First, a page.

The Madonna of the Cherries
24 3/4 x 18 3/8 in. (62.9 x 46.7 cm)
Joos Van Cleve,
(c. 1485–c. 1541)
Medium and Support:
Oil on panel
Van Cleve belonged to an important Southern Netherlandish family of painters. Though it is unclear whether the artist spent time in Italy, he absorbed the style and subject matter of a number of his Italian contemporaries, including Leonardo, Raphael and Andrea del Sarto. He was particularly sought after for his depictions of the Virgin and Child, like the one pictured here which owes much to Leonardo. In some instances the original van Cleve painting has been lost, but the type is known through the plentiful replicas created by the artist’s workshop as well as by later copyists. At least five other versions of the Madonna of the Cherries are known in private and public collections. The cherries the child holds hide a deeper meaning: the fruit was related to paradise and linked to Christ’s role as savior.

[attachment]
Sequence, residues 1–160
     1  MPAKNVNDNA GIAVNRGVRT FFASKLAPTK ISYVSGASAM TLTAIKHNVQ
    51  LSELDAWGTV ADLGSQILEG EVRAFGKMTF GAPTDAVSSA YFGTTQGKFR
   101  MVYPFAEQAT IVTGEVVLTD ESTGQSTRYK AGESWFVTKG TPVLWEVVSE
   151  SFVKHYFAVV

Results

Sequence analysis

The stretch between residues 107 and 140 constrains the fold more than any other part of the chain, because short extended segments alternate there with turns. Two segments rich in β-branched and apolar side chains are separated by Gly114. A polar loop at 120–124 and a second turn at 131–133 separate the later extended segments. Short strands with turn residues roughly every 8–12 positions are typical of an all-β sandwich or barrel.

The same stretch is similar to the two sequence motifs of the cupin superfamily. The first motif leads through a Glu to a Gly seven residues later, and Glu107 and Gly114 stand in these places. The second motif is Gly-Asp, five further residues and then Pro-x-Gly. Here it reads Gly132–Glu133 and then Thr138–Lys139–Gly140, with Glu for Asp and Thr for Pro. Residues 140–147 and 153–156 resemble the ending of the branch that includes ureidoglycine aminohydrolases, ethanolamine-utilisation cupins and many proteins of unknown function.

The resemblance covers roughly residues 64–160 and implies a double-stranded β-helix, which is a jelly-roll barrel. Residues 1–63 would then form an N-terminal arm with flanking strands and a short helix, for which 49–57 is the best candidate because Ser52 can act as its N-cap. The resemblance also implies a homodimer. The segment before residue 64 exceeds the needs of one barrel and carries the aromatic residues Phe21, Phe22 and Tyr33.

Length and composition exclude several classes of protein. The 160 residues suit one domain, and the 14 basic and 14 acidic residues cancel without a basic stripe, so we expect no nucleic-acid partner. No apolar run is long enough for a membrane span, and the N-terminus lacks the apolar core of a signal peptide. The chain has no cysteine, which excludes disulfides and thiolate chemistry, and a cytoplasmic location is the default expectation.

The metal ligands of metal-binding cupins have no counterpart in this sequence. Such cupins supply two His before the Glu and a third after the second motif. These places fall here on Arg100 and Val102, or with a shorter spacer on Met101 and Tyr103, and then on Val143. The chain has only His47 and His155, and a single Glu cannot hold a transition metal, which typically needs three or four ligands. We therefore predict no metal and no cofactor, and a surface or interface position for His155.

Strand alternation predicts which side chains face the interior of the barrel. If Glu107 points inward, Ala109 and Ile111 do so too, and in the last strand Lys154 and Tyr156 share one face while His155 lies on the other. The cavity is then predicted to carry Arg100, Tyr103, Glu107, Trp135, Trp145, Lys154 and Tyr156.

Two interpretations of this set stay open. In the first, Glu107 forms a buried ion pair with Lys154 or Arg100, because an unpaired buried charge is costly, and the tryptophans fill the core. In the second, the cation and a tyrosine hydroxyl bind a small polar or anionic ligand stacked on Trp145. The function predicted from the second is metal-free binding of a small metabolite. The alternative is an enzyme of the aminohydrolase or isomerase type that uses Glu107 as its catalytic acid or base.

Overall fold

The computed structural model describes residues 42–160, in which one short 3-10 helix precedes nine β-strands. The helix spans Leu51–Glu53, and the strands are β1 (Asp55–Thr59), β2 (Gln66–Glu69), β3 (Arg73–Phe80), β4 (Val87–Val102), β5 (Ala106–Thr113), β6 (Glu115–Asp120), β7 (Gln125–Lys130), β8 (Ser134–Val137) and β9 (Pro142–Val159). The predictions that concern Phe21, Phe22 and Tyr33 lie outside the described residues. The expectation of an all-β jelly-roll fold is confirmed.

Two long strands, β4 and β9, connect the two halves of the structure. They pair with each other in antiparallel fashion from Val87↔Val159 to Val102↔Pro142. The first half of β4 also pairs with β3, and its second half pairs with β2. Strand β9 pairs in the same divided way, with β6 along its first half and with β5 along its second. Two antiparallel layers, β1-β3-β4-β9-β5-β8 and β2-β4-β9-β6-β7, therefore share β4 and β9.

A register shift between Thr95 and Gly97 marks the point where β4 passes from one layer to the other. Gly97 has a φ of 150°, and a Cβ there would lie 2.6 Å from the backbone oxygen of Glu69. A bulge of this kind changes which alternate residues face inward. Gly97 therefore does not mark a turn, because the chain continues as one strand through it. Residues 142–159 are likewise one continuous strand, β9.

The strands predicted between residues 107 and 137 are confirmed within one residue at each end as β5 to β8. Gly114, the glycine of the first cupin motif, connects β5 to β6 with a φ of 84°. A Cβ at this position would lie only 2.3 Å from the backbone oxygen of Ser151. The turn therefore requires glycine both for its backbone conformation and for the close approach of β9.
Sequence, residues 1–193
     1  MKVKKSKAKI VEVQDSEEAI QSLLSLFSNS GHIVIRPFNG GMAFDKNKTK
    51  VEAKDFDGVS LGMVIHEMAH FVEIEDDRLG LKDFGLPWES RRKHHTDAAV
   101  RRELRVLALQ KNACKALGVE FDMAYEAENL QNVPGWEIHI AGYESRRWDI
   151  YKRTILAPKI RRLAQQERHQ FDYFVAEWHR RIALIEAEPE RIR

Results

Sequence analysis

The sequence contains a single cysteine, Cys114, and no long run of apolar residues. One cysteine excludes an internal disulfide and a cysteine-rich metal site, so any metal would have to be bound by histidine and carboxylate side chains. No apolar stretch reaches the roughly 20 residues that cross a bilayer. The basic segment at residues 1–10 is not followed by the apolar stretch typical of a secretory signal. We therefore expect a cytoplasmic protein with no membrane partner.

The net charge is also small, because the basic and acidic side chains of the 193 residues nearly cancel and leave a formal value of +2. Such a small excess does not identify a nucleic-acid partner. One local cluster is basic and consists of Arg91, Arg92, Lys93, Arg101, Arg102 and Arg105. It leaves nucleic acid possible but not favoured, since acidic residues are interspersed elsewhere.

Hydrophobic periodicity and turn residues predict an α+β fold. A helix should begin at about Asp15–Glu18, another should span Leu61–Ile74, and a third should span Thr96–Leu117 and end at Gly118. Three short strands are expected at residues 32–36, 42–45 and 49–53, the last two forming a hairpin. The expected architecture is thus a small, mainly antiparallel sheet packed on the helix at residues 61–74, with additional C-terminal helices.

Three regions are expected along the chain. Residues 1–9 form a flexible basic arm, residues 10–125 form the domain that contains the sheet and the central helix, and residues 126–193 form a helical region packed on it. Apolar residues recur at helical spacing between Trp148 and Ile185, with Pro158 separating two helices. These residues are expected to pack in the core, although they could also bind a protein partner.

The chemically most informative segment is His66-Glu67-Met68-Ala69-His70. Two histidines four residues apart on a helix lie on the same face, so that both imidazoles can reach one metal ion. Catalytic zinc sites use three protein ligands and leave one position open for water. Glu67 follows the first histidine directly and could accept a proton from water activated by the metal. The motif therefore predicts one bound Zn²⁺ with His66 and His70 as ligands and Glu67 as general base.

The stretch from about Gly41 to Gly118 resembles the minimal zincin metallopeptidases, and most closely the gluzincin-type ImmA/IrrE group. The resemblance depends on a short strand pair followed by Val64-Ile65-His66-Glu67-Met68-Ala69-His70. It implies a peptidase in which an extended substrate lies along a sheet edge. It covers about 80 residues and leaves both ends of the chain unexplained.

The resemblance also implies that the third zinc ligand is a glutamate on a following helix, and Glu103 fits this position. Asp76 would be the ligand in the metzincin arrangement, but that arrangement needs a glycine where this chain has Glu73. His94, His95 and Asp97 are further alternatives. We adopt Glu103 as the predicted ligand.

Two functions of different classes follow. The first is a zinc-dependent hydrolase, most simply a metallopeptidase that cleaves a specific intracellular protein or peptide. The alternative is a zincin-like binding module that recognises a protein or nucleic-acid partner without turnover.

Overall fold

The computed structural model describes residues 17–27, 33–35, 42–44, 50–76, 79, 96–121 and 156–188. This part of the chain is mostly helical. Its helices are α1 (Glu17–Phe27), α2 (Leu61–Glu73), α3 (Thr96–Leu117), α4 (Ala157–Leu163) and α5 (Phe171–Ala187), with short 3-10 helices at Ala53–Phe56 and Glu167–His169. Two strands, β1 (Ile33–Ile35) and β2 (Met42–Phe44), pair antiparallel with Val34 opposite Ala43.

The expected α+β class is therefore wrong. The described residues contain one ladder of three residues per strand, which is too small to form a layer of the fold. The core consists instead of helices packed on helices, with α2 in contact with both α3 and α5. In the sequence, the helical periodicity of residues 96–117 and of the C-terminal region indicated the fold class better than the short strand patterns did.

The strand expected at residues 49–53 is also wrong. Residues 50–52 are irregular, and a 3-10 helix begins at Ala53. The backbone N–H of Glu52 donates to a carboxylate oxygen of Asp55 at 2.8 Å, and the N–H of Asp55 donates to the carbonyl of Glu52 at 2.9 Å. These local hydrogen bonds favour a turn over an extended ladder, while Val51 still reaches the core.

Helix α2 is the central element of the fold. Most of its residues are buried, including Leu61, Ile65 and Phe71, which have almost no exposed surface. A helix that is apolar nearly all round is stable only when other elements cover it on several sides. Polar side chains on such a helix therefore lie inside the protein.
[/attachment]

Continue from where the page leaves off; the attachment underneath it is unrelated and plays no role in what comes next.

Faculty Written Label:
Perception as reality. In the Communication Studies field it is important to check perceptions whenever possible. The baby (Jesus) may be pulling away from an apathetic mother (Madonna), but he may also be holding out the cherries to gain the attention from a fatigued woman. Nonverbal communication provides a context for perception, but we need to check those perceptions by asking questions. This is especially important when the behaviors are enacted by someone we do not know. Perceptions should serve only as a starting point for continued information acquisition.
Katie Neary Dunleavy, Ph.D.
Assistant Professor, Communication
Art Museum : 15-16 C Gallery